Monday, September 12, 2005

The UAE Labour Market

More piffle confusion on the movement of labour front.

Workers still need to get the approval of their former employer if they want to change their jobs, unless they have worked for a minimum period of time with the first employer. Bizarrely, this length of time is determined by the level of education of the potential transferee. Post-graduate degree holders can switch after one year. Bachelor's degree holders can switch after two years. All others have to wait three years. But wait! You can override these conditions if you pay money! The conditions also do not apply under certain other conditions, such as the closure of the company due to the death of the owner, transfer of ownership of the company, non-payment of wages etc. You might think that these circumstances would automatically entitle a worker to the right to change his job, but they haven't done previously, and the onus is on the worker to prove that one of these situations applies. Employees in the Government and Free Zones are exempt.

I've said it before, I'll say it again. I don't get it. The UAE is supposed to be pro-business, encouraging entrepreneurship etc. I can understand one thing about why the labour market needs a bit of control (and I mean a bit). It has to do with the economics of hiring and training workers.

Sometimes, an employer pays to import workers. Sometimes, those workers get a bit of training. So that makes the employee a little bit more valuable in the local labour market. Therefore the employer should not have to 'suffer' if those people up and leave for better prospects or working conditions. In those cases, it would be fair to say that the employee has to complete at least one year with the original employer. And the reason for specifying 'one year' is that, by law, the employer then has to give the employee paid leave and a return air ticket to the point of origin, and that puts everybody back at square one, financially. In a case where an employer pays for additional training for an employee, then the employee can sign an agreement with the employer whereby he will re-imburse the costs of that training on a pro-rata basis if he leaves within an agreed period - I've had to do that with companies I've worked for in the UK, and I think it's perfectly fair.

So how do you stop an employee leaving? It's a tough question, I know, but I suspect it might have something to do with treating them well, paying them on time, and making them feel like their contribution is valued. It should have nothing at all to do with rules from the government.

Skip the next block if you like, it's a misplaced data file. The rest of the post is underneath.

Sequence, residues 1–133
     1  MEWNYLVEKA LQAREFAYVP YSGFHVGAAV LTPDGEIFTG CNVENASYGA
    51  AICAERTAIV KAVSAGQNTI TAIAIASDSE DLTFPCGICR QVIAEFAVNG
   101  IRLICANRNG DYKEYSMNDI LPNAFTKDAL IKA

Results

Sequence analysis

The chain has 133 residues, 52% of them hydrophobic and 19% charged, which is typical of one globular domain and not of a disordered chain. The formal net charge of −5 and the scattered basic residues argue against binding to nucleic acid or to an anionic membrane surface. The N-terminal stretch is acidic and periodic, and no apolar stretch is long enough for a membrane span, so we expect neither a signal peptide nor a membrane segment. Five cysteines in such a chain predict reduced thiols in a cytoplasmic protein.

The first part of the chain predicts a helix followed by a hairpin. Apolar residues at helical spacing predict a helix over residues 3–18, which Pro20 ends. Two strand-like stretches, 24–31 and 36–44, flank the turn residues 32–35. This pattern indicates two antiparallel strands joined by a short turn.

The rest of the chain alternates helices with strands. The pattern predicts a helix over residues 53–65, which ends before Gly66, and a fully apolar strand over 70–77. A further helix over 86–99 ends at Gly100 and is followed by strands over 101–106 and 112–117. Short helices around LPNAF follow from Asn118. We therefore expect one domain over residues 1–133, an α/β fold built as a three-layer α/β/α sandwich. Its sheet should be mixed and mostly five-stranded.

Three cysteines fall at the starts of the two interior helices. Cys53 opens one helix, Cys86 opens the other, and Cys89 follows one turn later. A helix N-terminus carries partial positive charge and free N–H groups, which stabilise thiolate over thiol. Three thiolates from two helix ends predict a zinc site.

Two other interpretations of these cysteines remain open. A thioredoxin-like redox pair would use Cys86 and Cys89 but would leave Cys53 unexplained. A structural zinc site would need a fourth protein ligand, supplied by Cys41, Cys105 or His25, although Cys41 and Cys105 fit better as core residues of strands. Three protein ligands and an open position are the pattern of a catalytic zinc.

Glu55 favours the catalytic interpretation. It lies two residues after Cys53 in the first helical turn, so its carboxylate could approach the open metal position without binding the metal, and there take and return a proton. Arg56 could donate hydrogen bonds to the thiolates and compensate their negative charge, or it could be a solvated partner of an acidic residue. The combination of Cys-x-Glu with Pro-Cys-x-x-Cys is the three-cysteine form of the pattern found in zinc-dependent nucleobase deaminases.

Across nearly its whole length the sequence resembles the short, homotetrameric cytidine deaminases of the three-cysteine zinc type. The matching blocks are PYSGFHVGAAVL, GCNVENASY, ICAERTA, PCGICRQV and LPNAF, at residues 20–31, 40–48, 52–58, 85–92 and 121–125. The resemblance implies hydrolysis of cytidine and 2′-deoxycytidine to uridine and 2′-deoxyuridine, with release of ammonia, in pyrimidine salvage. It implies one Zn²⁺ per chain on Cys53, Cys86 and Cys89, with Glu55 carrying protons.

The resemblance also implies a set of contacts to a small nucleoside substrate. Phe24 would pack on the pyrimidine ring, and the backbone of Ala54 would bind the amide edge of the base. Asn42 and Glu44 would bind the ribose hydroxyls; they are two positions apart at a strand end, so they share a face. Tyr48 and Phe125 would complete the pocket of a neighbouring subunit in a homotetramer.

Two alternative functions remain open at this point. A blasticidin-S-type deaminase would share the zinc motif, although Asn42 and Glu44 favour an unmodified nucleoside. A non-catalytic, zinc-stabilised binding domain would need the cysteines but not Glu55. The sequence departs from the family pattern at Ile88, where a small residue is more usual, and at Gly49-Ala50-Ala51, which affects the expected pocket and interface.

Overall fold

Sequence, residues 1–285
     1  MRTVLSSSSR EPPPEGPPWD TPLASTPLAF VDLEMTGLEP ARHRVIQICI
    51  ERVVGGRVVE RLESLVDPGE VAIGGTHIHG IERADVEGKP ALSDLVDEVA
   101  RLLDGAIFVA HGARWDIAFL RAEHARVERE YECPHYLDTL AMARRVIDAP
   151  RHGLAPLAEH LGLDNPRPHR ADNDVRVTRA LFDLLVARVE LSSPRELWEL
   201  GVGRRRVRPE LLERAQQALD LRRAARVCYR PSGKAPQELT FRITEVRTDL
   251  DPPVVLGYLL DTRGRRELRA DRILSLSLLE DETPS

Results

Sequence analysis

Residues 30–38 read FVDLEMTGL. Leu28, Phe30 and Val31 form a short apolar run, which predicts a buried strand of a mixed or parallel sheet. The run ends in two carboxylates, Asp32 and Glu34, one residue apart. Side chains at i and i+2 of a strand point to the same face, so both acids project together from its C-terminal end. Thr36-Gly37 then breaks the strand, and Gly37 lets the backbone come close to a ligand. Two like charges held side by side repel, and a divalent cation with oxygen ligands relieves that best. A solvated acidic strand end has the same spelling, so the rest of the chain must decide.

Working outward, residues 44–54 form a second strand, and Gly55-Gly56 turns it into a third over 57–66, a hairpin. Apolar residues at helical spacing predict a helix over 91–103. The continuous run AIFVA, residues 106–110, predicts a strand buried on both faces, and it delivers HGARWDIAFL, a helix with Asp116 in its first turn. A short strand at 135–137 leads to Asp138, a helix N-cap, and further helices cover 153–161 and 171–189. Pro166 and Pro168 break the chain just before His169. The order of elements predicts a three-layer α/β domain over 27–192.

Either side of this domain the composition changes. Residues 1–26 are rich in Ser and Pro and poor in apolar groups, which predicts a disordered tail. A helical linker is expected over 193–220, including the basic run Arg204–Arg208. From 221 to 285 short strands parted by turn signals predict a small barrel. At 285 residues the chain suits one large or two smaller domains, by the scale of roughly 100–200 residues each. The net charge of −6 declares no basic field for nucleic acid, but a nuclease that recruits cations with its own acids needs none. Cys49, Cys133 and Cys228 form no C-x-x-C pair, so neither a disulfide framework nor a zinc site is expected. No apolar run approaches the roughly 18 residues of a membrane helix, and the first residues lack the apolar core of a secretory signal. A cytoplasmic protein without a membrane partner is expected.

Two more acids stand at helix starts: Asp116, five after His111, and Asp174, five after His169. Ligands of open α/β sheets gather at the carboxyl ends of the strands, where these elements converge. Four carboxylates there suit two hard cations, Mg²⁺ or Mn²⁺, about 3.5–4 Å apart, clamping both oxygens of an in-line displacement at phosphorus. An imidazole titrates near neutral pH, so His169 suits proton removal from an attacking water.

This whole thing strikes me as being primarily aimed at controlling labour in the construction industry. As you all know, there is a stupendous amount of construction going on in Dubai. The big construction companies need thousands and thousands of workers to be able to complete a job. And a big construction company might be building several large projects simultaneously. But sooner or later, the work is done, and suddenly you have a thousand workers standing around twiddling their thumbs. Maybe there's another project starting in a few months' time. Or maybe there's a chance of another project, but you won't know until the decision is made in six weeks' time. Do you hang onto your workers in case the next job happens? Or do you let them go? The sensible thing would be to let them try to find other work in the slack time. Or rent them out to another construction company who's suddenly got a big project but can't get enough labour in for three months. But you cannot legally do that here. That flexibility doesn't exist.

So the industry is caught between a rock and a hard place - it's not easy to recruit and process a thousand guys for your next project. And I can imagine that owners of big construction companies have lobbied various government people and said 'we are in a cyclical business - we pay a lot to recruit workers and we need to be able to keep them hanging around just in case we need them', and that's how we got where we are. Don't know, just speculating.